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Explaining wood stock increases in times of decreasing profitability: A statistical analysis


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  • González-Gómez, Manuel
  • Otero Giráldez, Mª Soledad
  • Álvarez-Díaz, Marcos


The aim of this paper is to analyze the statistical relationship between the yearly timber supply of Maritime Pine and Eucalyptus and their market prices in Galicia (northwest of Spain) during the 1985-2007 period. The development of profitability and growing stock is similar for both species in the forestry sector of this region. Specifically, we observe that forest owners decide to accumulate growing stock in spite of decreasing profitability, due to the evolution of prices and costs. In this study, we attempt to explain statistically the forest owners' behavior using the Granger causality test and an analysis based on the cross-correlation functions. The statistical analysis between timber supply and market prices shows opposite results for both species. The increasing growing stock is due to a decrease in wood prices in the case of Pinus pinaster. Lower prices and less timber supply resulted in a higher accumulation of growing stock. On the contrary, this result does not hold for Eukaliptus globulus. In this case, a decrease in price does not statistically cause a reduction in timber supply. This may suggest that the accumulation of growing stock could be a consequence of subsidies, forest abandonment, and rapid natural regeneration of this species.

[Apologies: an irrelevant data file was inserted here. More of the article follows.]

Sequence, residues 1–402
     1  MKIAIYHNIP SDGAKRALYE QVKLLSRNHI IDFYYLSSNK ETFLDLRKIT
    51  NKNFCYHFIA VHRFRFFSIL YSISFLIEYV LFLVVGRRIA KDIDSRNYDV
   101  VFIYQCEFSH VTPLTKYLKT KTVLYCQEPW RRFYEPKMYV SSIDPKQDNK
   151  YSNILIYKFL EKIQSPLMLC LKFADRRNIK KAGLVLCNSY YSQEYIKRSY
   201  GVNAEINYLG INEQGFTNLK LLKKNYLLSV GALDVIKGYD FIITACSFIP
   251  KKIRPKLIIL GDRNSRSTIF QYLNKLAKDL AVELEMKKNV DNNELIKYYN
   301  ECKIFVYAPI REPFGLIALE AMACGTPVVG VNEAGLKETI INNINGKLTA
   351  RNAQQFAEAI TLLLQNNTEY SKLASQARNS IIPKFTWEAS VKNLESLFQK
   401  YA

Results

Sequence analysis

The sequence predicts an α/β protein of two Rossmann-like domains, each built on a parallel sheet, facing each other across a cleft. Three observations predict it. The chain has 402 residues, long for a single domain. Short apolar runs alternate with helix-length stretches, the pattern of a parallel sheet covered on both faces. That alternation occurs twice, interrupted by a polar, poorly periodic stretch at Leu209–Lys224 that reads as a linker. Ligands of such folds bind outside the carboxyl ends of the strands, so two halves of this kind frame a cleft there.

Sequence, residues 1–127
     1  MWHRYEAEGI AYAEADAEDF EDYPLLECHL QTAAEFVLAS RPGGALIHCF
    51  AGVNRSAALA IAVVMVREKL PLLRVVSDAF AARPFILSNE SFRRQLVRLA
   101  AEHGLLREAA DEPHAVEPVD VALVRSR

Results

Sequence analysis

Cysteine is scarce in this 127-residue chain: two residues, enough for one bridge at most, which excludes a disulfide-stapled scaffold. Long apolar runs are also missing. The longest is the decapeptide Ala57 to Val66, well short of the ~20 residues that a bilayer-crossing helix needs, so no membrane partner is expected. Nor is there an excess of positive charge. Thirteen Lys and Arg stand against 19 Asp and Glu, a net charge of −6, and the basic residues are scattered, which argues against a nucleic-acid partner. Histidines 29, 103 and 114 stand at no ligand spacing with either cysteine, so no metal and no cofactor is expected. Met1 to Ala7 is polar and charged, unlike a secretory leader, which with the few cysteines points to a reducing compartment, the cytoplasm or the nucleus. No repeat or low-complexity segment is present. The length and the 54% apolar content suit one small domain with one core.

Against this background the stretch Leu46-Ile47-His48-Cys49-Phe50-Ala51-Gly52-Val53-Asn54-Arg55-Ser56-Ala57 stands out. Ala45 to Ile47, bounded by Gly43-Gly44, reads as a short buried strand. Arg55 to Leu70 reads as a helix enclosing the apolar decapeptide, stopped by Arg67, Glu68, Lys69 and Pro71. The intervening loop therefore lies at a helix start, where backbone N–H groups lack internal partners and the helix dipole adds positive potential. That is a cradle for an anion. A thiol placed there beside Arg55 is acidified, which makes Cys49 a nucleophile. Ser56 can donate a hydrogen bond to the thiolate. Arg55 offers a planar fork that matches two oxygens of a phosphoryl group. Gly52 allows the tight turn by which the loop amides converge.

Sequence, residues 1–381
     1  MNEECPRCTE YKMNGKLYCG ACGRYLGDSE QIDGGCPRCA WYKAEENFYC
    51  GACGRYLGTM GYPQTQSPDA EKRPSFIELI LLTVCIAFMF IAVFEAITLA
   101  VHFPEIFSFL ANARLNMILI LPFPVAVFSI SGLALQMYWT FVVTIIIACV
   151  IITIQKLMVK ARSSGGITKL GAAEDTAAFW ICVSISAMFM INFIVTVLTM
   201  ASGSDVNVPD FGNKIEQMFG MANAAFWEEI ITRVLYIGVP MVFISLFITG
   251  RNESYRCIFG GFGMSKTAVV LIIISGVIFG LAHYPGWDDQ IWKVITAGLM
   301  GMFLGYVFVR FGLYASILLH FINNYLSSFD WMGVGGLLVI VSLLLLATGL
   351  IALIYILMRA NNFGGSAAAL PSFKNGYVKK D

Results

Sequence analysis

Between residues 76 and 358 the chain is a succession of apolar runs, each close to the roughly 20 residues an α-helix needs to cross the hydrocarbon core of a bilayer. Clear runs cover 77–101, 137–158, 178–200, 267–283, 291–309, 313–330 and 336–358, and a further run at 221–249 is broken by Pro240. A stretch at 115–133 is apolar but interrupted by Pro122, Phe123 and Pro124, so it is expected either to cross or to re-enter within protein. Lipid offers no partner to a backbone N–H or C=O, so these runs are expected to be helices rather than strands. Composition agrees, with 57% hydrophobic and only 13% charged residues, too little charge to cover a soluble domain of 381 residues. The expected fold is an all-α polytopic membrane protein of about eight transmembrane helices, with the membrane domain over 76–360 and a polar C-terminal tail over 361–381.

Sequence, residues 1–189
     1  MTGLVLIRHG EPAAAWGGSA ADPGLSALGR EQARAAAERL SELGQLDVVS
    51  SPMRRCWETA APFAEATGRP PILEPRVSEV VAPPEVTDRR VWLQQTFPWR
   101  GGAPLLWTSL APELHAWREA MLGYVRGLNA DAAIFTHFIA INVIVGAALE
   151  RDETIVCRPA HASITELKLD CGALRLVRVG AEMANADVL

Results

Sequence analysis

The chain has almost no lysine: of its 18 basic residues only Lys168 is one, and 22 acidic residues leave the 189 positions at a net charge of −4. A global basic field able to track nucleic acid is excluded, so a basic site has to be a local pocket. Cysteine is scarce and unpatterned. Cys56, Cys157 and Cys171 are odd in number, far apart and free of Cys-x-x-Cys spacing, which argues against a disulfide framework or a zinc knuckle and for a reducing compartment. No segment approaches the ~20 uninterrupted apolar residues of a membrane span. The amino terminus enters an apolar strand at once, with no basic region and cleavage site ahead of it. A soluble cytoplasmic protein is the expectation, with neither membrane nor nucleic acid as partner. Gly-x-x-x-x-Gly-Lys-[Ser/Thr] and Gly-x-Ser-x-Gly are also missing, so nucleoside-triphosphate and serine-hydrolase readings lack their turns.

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Article provided by Elsevier in its journal Forest Policy and Economics.

Volume (Year): 13 (2011)
Issue (Month): 3 (March)
Pages: 176-183

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Handle: RePEc:eee:forpol:v:13:y:2011:i:3:p:176-183

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Keywords: Profitability of forestry Granger causality test Cross-correlation Galicia;


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  1. Moog, Martin & Borchert, Herbert, 2001. "Increasing rotation periods during a time of decreasing profitability of forestry -- a paradox?," Forest Policy and Economics, Elsevier, vol. 2(2), pages 101-116, June.
  2. Kwiatkowski, D. & Phillips, P.C.B. & Schmidt, P., 1990. "Testing the Null Hypothesis of Stationarity Against the Alternative of Unit Root : How Sure are we that Economic Time Series have a Unit Root?," Papers 8905, Michigan State - Econometrics and Economic Theory.
  3. Granger, C W J, 1969. "Investigating Causal Relations by Econometric Models and Cross-Spectral Methods," Econometrica, Econometric Society, vol. 37(3), pages 424-38, July.
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Cited by:
  1. González-Gómez, Manuel & Álvarez-Díaz, Marcos & Otero-Giráldez, María Soledad, 2013. "Estimating the long-run impact of forest fires on the eucalyptus timber supply in Galicia, Spain," Journal of Forest Economics, Elsevier, vol. 19(2), pages 149-161.


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